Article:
When Will Williamson returns to his post, he will be traveling a bit lighter than before he got “the call.”
No oxygen tanks to lug alongside him. No elephant in his chest, making it laborious to breathe. Someone said “yes” to the question “Will you be an organ donor?” and now Williamson can walk unassisted and soon will be back at work at the Department of Motor Vehicles job he loves now more than ever.
This year’s pause to give thanks will be even more heartfelt than ever.
“These people,” he begins, trying to describe his gratitude for the many people working directly and indirectly through Donate Life NC, the North Carolina organ donor network. His voice chokes with emotion. “It’s so many people I’m grateful for.”
Part of his job for many years has been asking drivers during the licensing process if they would agree to be organ donors. As he explained the program and guided them through checking a couple of boxes and signing up, Williamson grew to appreciate and support the program as a DMV employee.
He was promoted and worked to train new examiners and co-workers, and his support continued. Then came 2011, and he started having trouble breathing. Chronic obstructive pulmonary disease meant that he was soon a candidate for a double lung transplant.
“I went through a pre-transplant ‘rehab’ program where they helped me prepare for the surgery. They provided support for all aspects of it,” said Williamson. “You need a lot of support.”
On April 19 of this year, his call came. “That was a long day for my family,” he said. “I must have asked a thousand people if they’d be donors. When I do that now, it’s with a lot more passion.”
Now, he feels he owes his life to the Donate Life NC network and the generosity of every single person who says “yes” to being a donor, potentially saving many lives if they should lose their own.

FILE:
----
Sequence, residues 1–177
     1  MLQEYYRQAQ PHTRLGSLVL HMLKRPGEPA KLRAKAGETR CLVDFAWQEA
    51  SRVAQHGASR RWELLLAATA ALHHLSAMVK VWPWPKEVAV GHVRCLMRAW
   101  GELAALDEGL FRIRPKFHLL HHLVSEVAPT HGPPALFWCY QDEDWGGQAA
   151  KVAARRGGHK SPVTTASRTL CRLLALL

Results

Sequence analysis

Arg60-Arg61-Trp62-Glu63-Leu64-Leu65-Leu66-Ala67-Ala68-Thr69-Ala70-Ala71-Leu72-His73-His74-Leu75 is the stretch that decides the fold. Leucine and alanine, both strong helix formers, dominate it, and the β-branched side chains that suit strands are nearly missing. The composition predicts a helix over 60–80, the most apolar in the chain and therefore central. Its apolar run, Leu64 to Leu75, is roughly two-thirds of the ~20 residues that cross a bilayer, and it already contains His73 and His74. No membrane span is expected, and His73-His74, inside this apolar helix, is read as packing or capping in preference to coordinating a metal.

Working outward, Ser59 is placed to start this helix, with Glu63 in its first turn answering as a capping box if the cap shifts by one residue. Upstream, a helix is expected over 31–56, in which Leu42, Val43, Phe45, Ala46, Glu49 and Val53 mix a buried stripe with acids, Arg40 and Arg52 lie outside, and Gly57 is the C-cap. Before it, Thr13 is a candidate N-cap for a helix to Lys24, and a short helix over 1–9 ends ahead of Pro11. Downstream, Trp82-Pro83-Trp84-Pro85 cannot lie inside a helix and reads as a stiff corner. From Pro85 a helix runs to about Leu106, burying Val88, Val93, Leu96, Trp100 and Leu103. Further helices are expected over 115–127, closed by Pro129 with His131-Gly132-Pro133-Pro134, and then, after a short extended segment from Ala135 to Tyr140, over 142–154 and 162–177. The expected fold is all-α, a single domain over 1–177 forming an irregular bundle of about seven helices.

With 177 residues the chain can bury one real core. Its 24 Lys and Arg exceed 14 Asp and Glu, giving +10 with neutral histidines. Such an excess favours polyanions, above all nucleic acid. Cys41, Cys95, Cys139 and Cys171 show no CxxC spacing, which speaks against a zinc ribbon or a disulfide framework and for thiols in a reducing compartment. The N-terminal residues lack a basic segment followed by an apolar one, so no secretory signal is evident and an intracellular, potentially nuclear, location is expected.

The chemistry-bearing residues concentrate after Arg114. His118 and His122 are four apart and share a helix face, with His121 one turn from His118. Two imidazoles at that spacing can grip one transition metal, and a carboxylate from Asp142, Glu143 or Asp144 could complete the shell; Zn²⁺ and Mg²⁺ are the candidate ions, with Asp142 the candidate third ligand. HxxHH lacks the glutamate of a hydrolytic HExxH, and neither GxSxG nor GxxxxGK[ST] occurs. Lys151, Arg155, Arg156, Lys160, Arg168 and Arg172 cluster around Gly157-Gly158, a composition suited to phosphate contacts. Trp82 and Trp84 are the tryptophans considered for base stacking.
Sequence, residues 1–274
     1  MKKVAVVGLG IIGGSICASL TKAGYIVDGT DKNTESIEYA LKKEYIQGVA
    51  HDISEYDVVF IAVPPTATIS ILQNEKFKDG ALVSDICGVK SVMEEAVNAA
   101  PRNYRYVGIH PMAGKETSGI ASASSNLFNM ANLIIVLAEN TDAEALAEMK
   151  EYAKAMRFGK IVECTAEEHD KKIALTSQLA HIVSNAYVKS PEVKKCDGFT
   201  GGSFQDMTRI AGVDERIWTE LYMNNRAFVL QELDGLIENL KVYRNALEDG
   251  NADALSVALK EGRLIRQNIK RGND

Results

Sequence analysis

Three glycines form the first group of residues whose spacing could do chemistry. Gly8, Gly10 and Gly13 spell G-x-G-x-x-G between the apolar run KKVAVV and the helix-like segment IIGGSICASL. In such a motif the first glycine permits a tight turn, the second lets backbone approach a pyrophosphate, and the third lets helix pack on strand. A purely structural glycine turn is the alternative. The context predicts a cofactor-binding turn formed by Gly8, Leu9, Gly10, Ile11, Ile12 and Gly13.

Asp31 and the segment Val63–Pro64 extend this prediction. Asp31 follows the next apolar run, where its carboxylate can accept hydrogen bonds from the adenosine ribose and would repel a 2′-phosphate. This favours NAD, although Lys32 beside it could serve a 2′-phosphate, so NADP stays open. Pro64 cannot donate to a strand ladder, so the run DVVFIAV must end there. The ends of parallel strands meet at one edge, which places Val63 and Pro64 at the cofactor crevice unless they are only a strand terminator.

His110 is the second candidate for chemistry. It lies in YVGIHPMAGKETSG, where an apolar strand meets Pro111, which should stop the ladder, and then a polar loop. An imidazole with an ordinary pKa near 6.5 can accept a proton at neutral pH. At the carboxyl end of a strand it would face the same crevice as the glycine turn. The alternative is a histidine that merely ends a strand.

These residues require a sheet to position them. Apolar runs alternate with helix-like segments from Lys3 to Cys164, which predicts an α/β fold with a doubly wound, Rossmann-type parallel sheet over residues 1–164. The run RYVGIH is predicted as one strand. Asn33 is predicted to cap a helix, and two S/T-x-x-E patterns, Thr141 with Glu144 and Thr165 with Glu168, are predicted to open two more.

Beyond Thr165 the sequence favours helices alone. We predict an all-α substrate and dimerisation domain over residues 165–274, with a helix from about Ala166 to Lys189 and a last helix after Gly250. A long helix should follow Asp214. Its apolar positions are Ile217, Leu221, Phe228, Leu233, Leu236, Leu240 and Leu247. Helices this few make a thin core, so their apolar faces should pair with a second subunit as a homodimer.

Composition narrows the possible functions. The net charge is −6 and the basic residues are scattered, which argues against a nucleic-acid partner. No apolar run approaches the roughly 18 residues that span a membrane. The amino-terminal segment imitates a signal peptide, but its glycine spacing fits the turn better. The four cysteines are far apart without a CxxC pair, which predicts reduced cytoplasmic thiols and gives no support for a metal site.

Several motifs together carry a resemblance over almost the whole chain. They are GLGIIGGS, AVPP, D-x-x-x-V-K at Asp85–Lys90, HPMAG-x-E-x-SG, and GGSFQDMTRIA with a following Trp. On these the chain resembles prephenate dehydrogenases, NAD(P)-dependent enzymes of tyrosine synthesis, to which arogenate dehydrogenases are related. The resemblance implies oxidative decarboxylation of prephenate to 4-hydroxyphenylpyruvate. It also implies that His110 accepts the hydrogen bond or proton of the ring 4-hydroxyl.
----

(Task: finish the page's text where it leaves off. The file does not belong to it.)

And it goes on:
“Each donor can save as many as eight lives,” said Sharon Hirsch, executive director of Donate Life NC. “I’m so blessed to do this work every day.”
When she went to a meeting recently, there at her table sat Williamson, whom Hirsch has worked with many times since taking the job in 2011. “I didn’t realize it was Will,” she said, smiling. “He looked so much different. He had good color in his face. He looked just great.”
Donate Life NC provides training and materials to the DMV as well as driver’s education instructors to help them educate young people and all new (and renewing) license holders about how organ and tissue donation works. The agency’s partnership with DMV is central to its success, says Hirsch.
With tissue donations, even more is possible. Various forms of tissue can be stored and “banked” until needed. “There’s no waiting list for tissue,” Hirsch said.
With vital organs, timing is critical. The Donate Life network’s coordination provides medical professionals with the information necessary to match donors with recipients as well as some of the fail-safe systems needed to prevent medical errors.
In 2015, the network hopes to sign up 200,000 new donors in North Carolina. It’s an ambitious goal, a stretch of about 11% from 2014’s projected total, but Hirsch believes it can be done.
The network also hopes to diversify its funding, doing more to bring in dollars through events like “Giving Tuesday” (Dec. 2), which encourages holiday shoppers to give money to Donate Life NC in the name of a friend or family member in lieu of another last-minute novelty gift.
As for the donor whose gift saved his life, Williamson is looking forward to the one-year anniversary of his transplant, when Donate Life can deliver a letter he’ll write to the donor’s family to express his gratitude. “There’s never a day that goes by that I don’t think about that family,” said Williamson.